Table 3 (omitted) compares the components of the SBS instrument, the FSS instrument, and the most frequently cited components of TQM in the survey from Table 2. The earlier SBS instrument does not include a component related to the customer, while the FSS instrument does not refer to training, both of which are commonly mentioned as key elements of successful TQM implementations. On the other hand, the TQM case studies in the sample usually do not identify supplier integration, quality information, or product/service design as critical components of TQM.

The differences between the two instruments can be attributed to the increasing emphasis on a customer focus since the first instrument was developed prior to 1988. The difference between the elements found in the sample and those in the instruments may be attributed to the fact that many of the companies were in the first three years of their TQM efforts at the time the articles were written. In the early stages of TQM adoption, managers’ and employees’ shift in focus from results to process, from bottom line considerations to the customer, and from individual efforts to teamwork, will present major challenges to the firm.

Problems and Criticisms

The heavy promotion of TQM as a new management philosophy in a wide variety of forums has attracted criticism and warnings from several sources. Criticism of TQM takes two forms: outright rejection of the movement as a fad, usually in the business press (Fife, 1992; Waldie, 1994), and concerns about specific aspects of TQM.

Specific concerns can be grouped under two main headings. First, there are those who feel that TQM’s emphasis on incremental fine tuning rather than innovation does not go far enough in making the changes that some firms may require (Chorn, 1991; Lawler, 1994). A different view holds that firms have unrealistic expectations of what TQM can do for them (Easton, 1993; Tickel, 1993; Walter, 1993).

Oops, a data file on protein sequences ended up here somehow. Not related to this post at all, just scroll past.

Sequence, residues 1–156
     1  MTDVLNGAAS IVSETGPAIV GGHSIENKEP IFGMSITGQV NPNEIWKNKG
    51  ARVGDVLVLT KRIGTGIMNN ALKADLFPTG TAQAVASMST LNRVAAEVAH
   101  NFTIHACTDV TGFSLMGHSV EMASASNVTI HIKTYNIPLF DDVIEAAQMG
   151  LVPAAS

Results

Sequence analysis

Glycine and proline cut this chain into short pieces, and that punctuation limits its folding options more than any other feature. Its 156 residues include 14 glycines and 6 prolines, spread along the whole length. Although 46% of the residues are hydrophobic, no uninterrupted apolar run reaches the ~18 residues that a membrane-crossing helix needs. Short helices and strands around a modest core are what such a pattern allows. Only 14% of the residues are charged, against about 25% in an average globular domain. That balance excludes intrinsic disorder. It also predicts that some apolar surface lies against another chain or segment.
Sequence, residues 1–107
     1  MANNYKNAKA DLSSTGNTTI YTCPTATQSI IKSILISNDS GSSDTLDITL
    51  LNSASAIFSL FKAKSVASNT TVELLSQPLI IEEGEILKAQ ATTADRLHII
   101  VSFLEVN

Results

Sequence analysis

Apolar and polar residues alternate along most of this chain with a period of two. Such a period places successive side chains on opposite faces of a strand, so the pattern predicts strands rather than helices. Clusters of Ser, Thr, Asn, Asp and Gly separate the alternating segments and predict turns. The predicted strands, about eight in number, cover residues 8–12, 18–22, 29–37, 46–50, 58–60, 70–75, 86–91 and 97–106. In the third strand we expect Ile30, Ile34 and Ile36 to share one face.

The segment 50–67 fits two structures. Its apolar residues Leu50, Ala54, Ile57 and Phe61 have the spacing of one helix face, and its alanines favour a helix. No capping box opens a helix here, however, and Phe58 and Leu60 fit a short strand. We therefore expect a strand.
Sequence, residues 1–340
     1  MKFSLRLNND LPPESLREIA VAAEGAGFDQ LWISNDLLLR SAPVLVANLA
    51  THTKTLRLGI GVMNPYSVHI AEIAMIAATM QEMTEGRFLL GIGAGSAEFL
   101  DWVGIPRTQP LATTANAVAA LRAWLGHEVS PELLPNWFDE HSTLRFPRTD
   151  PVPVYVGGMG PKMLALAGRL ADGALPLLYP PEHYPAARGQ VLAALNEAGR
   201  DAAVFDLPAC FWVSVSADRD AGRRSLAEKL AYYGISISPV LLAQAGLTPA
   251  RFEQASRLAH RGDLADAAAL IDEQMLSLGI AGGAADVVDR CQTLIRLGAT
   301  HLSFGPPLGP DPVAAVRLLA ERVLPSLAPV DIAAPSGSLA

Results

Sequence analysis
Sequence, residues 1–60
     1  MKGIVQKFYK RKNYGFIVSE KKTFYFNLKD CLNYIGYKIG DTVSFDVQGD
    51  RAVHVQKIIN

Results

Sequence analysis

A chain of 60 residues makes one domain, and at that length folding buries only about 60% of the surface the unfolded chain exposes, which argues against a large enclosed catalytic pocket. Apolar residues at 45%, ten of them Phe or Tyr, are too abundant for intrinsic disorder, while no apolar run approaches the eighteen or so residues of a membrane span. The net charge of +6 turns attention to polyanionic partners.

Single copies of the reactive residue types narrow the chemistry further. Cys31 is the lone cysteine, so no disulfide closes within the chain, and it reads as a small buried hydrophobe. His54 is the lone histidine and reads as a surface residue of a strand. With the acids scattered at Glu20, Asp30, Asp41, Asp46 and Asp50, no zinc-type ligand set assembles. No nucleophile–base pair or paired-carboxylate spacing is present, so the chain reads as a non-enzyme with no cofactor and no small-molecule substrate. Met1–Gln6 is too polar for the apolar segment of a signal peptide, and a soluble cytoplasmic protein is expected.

Opposed to both these views are Grant, Shani, and Krishnan (1994), who view TQM as a radical alternative to traditional management techniques, which are based on an economic model of the firm. They suggest that TQM efforts may fail because management simply fails to recognize the extent of change required by TQM. Lack of management commitment is also the primary reason for problems and outright failures cited by both researchers reporting on case studies (Dale & Lightburn, 1992; Lascelles & Dale, 1990), and authors speaking from their experience as consultants (Clemmer, 1991; Cyr, 1992). In support of their contention that TQM requires radical change, Grant et al. (1994) point out the changes required simply to introduce Statistical Process Control (SPC) in an organization, a much smaller change than adopting TQM. SPC focuses attention on a firm’s processes in order to improve quality, and places information about the process and its variation in the hands of the operator. Bushe (1988) gives specific examples of the way in which providing such information can shift power in an organization and the way these shifts can be resisted by managers.

Blackburn and Rosen (1993) also compare TQM to traditional management, with a focus on human resource management. They stress the fundamental nature of the change required to move from the traditional paradigm to TQM and discuss the differences between the two approaches with regard to communications, voice and involvement, job design, training, performance measurement and evaluation, rewards, health and safety and selection/promotion career development.